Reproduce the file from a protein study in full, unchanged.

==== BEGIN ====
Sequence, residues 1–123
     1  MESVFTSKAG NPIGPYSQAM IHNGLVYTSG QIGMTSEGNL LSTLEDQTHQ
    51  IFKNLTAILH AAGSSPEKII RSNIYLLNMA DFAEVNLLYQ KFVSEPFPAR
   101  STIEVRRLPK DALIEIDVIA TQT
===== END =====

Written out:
Sequence, residues 1–123
     1  MESVFTSKAG NPIGPYSQAM IHNGLVYTSG QIGMTSEGNL LSTLEDQTHQ
    51  IFKNLTAILH AAGSSPEKII RSNIYLLNMA DFAEVNLLYQ KFVSEPFPAR
   101  STIEVRRLPK DALIEIDVIA TQT